• book

From the Publisher

ReJesus asks the following questions:

• What ongoing role does Jesus the Messiah play in shaping the ethos and self understanding of the movement that originated in him?
• How is the Christian religion informed and shaped by the Jesus that we meet in the Gospels?
• How do we assess the continuity required between the life and example of Jesus and the subsequent religion called Christianity?
• In how many ways do we domesticate the radical revolutionary in order to sustain our religion and religiosity?
• How can a rediscovery of Jesus renew our discipleship, the Christian community, and the ongoing mission of the church?

These questions take us to the core of what the church is all about. Rather than reformation, the authors call their task re-founding the church because it raises the issue of the church's true Founder or Foundation. This theme is of particular importance at the dawn of the twenty-first century as many attempt to address Christianity's endemic and long trended decline in the West. The authors feel that a spiritual, theological, missional, and existential crisis looms in the West.
Published: Baker Publishing Group on
ISBN: 9781441232816
List price: $20.00
Read on Scribd mobile: iPhone, iPad and Android.
Availability for ReJesus: A Wild Messiah for a Missional Church
With a 30 day free trial you can read online for free
  1. This book can be read on up to 6 mobile devices.

Related Articles

The Atlantic
4 min read
Religion & Spirituality

Why Educated Christians Are Sticking With Church

The idea is peppered through the writings of scholars, great thinkers, and New Atheist-types: Education is the cure for religion. Freud wrote that civilization “has little to fear from educated people and brain-workers” who have rejected religion. And “if religious instruction were not allowed until the child had attained the age of reason,” maintained Christopher Hitchens, “we would be living in a quite different world.” New data from the Pew Research Center doesn’t disprove these claims, but it does challenge them. While Americans with college experience are overall less likely to attend ser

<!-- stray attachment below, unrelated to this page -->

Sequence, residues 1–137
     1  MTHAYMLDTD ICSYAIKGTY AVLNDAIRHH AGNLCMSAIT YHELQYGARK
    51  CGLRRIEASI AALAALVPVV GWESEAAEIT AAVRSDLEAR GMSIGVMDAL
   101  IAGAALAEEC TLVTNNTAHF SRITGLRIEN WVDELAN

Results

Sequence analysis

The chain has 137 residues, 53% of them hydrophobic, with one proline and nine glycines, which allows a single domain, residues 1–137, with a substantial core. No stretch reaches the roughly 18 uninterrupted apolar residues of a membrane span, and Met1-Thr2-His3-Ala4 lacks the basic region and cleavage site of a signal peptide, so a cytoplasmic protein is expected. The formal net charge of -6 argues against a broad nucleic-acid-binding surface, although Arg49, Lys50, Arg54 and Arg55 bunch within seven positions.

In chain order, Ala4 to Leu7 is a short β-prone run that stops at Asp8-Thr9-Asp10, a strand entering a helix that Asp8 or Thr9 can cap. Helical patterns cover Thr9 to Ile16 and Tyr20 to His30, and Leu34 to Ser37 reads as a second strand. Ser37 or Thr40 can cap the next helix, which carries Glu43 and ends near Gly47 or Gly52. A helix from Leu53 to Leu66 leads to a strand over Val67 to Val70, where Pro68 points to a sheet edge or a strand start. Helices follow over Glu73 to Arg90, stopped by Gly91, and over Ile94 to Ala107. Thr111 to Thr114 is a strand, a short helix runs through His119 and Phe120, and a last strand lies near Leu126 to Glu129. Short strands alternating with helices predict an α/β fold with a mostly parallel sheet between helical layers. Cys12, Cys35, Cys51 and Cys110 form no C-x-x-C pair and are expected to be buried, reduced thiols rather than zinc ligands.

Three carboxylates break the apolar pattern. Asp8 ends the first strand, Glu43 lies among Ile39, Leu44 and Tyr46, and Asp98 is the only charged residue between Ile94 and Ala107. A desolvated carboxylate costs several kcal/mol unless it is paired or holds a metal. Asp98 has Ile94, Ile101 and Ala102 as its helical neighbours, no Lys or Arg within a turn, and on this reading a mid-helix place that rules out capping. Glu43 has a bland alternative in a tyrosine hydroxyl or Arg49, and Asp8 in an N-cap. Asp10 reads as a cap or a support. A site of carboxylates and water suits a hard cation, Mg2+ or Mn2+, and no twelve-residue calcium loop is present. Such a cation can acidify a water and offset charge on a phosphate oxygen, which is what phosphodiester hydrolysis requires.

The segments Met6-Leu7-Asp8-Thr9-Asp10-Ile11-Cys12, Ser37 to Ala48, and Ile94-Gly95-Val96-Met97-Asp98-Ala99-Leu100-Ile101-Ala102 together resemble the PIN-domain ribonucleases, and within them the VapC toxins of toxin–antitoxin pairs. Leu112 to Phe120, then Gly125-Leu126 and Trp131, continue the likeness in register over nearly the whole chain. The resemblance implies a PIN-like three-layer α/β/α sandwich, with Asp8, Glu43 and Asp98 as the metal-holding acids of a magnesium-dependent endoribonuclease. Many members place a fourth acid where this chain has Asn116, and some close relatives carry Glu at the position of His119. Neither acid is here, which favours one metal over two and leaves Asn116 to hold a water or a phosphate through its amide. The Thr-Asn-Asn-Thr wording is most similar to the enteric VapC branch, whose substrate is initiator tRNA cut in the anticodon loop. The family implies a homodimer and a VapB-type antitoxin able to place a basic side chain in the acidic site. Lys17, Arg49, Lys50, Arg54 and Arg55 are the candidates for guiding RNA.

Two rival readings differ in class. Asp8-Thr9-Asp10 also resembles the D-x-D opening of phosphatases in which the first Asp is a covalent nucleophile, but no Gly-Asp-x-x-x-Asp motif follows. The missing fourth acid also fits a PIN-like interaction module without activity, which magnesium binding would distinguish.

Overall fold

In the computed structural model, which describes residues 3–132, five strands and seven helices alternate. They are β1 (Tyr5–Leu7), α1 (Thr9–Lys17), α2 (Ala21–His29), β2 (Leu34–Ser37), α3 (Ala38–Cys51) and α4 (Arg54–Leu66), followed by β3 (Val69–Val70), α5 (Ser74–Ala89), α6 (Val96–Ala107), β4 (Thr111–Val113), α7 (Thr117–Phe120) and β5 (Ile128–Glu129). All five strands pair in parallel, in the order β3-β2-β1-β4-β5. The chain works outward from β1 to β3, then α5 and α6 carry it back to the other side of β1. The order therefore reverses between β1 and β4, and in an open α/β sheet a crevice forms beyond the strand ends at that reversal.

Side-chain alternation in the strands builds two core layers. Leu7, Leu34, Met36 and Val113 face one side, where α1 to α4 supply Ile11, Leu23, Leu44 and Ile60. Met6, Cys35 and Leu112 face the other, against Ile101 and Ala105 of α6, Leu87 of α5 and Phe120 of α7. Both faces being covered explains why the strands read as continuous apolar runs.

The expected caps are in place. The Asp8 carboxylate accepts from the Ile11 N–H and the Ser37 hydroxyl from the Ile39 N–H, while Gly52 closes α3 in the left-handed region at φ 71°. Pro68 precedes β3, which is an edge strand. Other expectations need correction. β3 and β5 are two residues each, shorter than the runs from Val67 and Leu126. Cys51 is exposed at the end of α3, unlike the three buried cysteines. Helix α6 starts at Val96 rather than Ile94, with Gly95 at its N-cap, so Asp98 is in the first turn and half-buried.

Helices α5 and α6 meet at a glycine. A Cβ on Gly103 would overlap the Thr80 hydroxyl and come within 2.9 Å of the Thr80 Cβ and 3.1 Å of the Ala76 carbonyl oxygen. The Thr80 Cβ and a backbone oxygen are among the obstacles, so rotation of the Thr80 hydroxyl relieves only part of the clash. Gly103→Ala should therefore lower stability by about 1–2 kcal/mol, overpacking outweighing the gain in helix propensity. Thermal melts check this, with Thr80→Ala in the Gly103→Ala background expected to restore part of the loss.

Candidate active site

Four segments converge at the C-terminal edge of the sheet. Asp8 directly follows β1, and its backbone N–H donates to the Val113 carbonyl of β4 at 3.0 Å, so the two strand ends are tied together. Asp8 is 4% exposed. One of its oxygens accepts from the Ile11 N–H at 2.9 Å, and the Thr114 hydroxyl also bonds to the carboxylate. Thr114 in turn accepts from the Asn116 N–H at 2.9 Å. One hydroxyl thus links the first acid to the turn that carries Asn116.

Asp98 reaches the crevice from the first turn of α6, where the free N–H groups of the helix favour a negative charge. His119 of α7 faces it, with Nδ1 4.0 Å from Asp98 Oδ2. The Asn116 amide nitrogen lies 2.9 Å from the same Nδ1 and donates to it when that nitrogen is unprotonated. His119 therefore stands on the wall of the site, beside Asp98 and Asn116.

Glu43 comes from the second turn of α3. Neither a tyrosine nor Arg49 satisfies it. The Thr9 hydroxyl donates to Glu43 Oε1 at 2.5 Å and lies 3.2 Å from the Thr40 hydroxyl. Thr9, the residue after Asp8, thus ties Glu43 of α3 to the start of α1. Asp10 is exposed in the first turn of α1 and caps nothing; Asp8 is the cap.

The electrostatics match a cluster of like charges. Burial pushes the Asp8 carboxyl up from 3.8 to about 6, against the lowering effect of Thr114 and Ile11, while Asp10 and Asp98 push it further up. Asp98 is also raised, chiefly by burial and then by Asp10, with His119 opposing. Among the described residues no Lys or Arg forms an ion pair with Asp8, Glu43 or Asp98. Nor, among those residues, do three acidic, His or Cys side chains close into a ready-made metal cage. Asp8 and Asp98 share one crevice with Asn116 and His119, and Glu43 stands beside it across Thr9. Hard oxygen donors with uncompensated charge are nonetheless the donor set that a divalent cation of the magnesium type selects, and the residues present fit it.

The Atlantic
6 min read
Religion & Spirituality

Gorsuch's Selective View of 'Religious Freedom'

As the Judiciary Committee hearings for Judge Neal Gorsuch begin, I retain my impression that he is in his way a splendid fellow, intelligent and hard working, and, as near as I can tell, devoid of the streak of jack-in-office meanness that mars the legacy of his predecessor, Antonin Scalia. But I also wonder whether he has a blind spot in an area that should concern Americans—religious freedom. Consider his separate opinion in the Tenth Circuit’s opinion in Burwell v. Hobby Lobby Stores. Remember the issue in Hobby Lobby. Under the Affordable Care Act, employers are required to provide a cert
The Atlantic
6 min read
Religion & Spirituality

Do the Culture Wars Really Represent America?

Depending on who you’re talking to, the story of America’s founding may be told very differently. Some liberals might describe a nation animated by secular Enlightenment values, where freedom from religion is just as important as freedom of religion. And some conservatives might point to the country’s so-called Judeo-Christian heritage, with the Bible as its foundational text. Both of these stories are wrong, according to Phil Gorski, a professor of sociology and religious studies at Yale. In his new book, American Covenant, Gorski argues that these opposing stories are the basis of the cultur